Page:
Go for the Yahtzee

I’m a gamer. Not the World of Warcraft sort of gamer, but a real gamer. Zelda never did it for me, but I’m always up for a ride on B & O Railroad or an excursion to the distant lands of Catan.

Yahtzee is one of my favorite games. In short, gamers throw five dice in series of three rolls to make certain combinations, highlighted by the elusive Yahtzee: a five-of-a-kind. A few weeks ago, I played with a friend who was new to the game. And one overzealous comment reminded me how dangerous prescribing can be.

My buddy played a strong first few rounds. He scored high across the board and was close to achieving the elusive top bonus because of it. But as he approached the finish line, he met a familiar Yahtzee dilemma. On his first roll, he showed three fours. He didn’t have space for fours on his board, but I stopped him before he changed directions.

“You know,” I shared, “It’s rare to land a three-of-a-kind on your first roll. You should go for the Yahtzee.”

My friend knew well my Yahtzee wizardry, and so he took my advice. He went for the Yahtzee.

But it wasn’t in the dice. He fell short of the Yahtzee, missed the top bonus because of it, and finished with a mediocre score. His great start fizzled to a crash landing. And whose fault was it? The dice’s fault? The Yahtzee newbie’s fault? Of course not. I coached him. I walked him off that cliff.

A week later, I sat in a half-day Convene management training. The trainer began the session by stating his thesis:

“Everything I say today comes down to this: Good managers help their employees develop self-generated ideas.”

Self-generated ideas, he outlined, are the bedrock of success. When others develop their own solutions, they are most likely to succeed. When they simply follow our prescriptions, their ceilings lower. At best, they become carbon copies. At worst, they never own the idea at all.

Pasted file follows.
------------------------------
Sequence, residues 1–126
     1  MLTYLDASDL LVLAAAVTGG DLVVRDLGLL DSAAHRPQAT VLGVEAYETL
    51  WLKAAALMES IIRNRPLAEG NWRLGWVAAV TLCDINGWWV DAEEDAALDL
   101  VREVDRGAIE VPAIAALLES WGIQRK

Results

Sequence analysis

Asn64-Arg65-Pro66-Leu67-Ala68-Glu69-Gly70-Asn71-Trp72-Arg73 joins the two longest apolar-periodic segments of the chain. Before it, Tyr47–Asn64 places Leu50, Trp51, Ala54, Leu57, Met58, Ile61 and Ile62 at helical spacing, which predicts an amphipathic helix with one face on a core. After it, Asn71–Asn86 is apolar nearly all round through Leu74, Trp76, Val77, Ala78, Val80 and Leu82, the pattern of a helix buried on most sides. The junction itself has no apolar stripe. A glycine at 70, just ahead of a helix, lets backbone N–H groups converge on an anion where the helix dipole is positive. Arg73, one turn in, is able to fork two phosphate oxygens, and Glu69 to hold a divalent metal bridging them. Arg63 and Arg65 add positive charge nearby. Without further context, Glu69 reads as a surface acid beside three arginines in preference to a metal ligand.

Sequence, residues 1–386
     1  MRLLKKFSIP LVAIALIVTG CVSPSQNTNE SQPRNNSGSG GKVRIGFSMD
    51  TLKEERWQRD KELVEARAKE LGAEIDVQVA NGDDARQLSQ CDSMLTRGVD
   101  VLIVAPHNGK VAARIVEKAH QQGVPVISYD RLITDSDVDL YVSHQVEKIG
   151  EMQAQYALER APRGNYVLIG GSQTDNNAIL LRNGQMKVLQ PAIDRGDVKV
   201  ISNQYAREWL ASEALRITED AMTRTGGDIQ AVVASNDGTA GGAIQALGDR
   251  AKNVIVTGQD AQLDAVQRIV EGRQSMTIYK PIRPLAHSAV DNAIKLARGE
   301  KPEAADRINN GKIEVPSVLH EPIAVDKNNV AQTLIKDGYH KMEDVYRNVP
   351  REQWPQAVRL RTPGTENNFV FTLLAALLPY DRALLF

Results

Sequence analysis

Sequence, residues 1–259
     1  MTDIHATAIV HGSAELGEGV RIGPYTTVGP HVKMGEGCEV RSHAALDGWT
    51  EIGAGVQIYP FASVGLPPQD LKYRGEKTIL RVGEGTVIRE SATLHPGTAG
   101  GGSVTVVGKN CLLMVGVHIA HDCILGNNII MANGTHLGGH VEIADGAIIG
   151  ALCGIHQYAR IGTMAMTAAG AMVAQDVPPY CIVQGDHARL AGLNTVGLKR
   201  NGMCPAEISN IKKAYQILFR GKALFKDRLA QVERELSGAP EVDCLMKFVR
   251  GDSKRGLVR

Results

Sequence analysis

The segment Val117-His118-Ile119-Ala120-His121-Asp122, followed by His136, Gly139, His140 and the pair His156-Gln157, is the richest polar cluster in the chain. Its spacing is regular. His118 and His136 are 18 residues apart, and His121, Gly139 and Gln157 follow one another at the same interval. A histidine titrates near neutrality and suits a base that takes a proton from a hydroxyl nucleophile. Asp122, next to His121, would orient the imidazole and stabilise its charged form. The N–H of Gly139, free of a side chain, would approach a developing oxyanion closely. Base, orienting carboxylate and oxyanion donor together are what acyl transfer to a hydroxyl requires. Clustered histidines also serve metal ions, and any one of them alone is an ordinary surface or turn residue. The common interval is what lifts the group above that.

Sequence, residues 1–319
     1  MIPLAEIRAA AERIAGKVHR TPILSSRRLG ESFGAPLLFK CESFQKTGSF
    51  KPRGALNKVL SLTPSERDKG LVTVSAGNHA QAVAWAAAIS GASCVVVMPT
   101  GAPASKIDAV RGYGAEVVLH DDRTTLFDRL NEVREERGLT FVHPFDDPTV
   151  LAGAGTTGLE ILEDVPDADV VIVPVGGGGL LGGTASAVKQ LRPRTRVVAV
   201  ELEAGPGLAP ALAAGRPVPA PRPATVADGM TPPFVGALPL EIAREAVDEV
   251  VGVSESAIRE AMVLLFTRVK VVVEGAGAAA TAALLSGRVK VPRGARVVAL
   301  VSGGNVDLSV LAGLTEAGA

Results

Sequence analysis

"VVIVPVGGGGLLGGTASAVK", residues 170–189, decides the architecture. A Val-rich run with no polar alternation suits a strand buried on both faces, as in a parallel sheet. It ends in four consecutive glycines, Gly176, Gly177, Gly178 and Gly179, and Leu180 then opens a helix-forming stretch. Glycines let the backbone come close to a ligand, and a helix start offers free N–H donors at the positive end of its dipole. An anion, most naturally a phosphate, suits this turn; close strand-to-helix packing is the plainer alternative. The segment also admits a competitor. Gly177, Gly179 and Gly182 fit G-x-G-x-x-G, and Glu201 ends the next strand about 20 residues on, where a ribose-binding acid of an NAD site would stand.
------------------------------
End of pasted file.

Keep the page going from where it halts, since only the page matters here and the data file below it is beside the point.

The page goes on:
When Jeff Rutt founded HOPE International, he learned this firsthand. He saw a great business opportunity for the Ukrainian churches: sunflower seed processing. So he bought the processor, shipped it over, and trained the Ukrainian church how to use it. But when he returned a year later, he saw a deflating scene.

The processor was never even turned on.

Jeff witnessed his great idea sitting dormant, cobwebbed and rusting. He drew them a blueprint, but they never owned it. It was Jeff’s great idea for them, but never their idea.

(Because Jeff is a resilient entrepreneur, he did not give up. Eventually, he pioneered a brilliant approach, unleashing thousands of Ukrainians to create self-generated ideas.)

I love telling other people what to do. When I’m the expert, it’s particularly difficult not to prescribe solutions. Whether with the Yahtzee dice or management discussions, the prescriptive road is the easy road. “Do this. Like that. With those.” But nobody grows with this approach and it’s never their fault when the idea fails. It’s hamstrung at the starting block. Unearthing solutions within others always trumps giving them ours.

Chris Horst

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Chris Horst is the chief advancement officer at HOPE International, where he employs his passion for advancing initiatives at the intersection of faith and work. Chris and his wife, Alli, have four children—Desmond, Abe, June, and Mack. Chris serves on the board of the Mile High WorkShop. He loves to write, having been published in The Denver Post and Christianity Today and co-authored Mission Drift, Rooting for Rivals, and The Gift of Disillusionment with Peter Greer. Christianity Today, WORLD Magazine, and the Evangelical Christian Publishers Association named Mission Drift a book of the year in 2015. Chris graduated with both a bachelor’s degree from Taylor University and an MBA from Bakke Graduate University.

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